By NewsDesk  @infectiousdiseasenews

Health officials in the province of Pangasinan, in the western part of Luzon Island, are reporting a nearly doubling of dengue fever cases during the first seven months of 2021.

Aedes aegypti/CDC

According to data from the Pangasinan Provincial Health Office (PHO) today, 2,634 dengue cases were recorded from Jan 1 to July 26, resulting in a 97 percent increase from 1,334 cases recorded in the same period in 2020.

Many of the cases were recorded in June and July.

The towns and cities under PHO’s watch list are San Carlos City with 302 cases, Alaminos City with 290, Pozorrubio town with 147, Bolinao town 109, Urdaneta City 108, Bayambang 103, Lingayen town with 90, Asingan and Binmaley towns with 72 cases each.

Fortunately, the dengue related fatalities are less this year than last- two in 2021 so far, compared to 11 last year.

The increase in cases has prompted health officials to remind the public to practice the 4S habits against dengue, or the search and destroy mosquito-breeding sites, applying self-protection measures, seeking early consultation, and supporting fogging or spraying in times of impending outbreaks.

Nationally, from 1 January to 03 July 2021, there has been a total of 32,555 dengue cases with 119 deaths
(CFR 0.4%) reported, which is 43% lower compared to the 57,388 cases reported in the same period in 2020.

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Dengue is a viral infection transmitted by the bite of an infected mosquito. There are four closely related but antigenically different serotypes of the virus that can cause dengue (DEN1, DEN 2, DEN 3, DEN 4).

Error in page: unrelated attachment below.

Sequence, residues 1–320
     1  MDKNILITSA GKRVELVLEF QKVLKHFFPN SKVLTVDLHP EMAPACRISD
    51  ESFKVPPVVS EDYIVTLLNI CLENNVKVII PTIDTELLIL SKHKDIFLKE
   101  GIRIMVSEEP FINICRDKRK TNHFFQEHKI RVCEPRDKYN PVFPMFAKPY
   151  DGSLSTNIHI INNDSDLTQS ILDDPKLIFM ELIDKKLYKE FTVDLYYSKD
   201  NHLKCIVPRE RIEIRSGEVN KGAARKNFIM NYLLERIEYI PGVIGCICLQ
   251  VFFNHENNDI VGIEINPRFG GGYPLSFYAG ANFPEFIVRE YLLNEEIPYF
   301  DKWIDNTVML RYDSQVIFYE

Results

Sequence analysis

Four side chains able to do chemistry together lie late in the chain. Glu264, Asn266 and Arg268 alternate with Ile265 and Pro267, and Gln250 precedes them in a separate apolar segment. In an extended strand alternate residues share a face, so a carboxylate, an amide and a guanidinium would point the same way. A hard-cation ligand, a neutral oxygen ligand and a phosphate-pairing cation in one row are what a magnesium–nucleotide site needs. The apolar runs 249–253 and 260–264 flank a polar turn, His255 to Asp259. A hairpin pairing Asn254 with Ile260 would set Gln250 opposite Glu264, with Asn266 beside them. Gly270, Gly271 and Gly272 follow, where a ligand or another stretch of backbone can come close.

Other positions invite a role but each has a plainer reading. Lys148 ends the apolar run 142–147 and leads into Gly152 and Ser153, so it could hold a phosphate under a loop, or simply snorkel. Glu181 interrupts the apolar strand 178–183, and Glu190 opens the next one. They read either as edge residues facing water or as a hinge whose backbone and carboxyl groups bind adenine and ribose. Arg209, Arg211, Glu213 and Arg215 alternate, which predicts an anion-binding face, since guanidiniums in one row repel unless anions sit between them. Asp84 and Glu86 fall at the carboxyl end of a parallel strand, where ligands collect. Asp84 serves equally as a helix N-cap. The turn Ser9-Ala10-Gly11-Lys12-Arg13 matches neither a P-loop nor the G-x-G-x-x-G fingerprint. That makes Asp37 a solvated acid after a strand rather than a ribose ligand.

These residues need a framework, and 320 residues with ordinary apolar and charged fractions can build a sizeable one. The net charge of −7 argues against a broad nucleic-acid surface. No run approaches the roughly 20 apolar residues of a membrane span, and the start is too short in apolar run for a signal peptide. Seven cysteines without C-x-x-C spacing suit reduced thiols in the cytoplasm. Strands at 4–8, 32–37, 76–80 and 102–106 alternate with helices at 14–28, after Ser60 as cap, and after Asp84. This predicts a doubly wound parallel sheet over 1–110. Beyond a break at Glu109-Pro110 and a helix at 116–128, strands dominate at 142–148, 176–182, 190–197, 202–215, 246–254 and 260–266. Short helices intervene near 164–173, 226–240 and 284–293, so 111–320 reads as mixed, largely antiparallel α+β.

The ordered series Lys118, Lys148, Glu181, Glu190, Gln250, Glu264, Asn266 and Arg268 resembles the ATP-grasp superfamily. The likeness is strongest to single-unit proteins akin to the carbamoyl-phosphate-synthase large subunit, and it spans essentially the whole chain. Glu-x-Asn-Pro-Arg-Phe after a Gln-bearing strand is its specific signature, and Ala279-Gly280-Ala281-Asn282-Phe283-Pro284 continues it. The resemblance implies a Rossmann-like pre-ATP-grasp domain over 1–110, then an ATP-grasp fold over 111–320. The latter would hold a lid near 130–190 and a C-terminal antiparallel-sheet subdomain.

• Dengue Fever (DF) – marked by an onset of sudden high fever, severe headache, pain behind the eyes, and pain in muscles and joints. Some may also have a rash and varying degree of bleeding from various parts of the body (including nose, mouth and gums or skin bruising).Dengue has a wide spectrum of infection outcome (asymptomatic to symptomatic). Symptomatic illness can vary from dengue fever (DF) to the more serious dengue hemorrhagic fever (DHF).

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  • Dengue Hemorrhagic Fever (DHF) – is a more severe form, seen only in a small proportion of those infected. DHF is a stereotypic illness characterized by 3 phases; febrile phase with high continuous fever usually lasting for less than 7 days; critical phase (plasma leaking) lasting 1-2 days usually apparent when fever comes down, leading to shock if not detected and treated early; convalescence phase lasting 2-5 days with improvement of appetite, bradycardia (slow heart rate), convalescent rash (white patches in red background), often accompanied by generalized itching (more intense in palms and soles), and diuresis (increase urine output).
  • Dengue Shock Syndrome (DSS) — Shock syndrome is a dangerous complication of dengue infection and is associated with high mortality. Severe dengue occurs as a result of secondary infection with a different virus serotype. Increased vascular permeability, together with myocardial dysfunction and dehydration, contribute to the development of shock, with resultant multiorgan failure.

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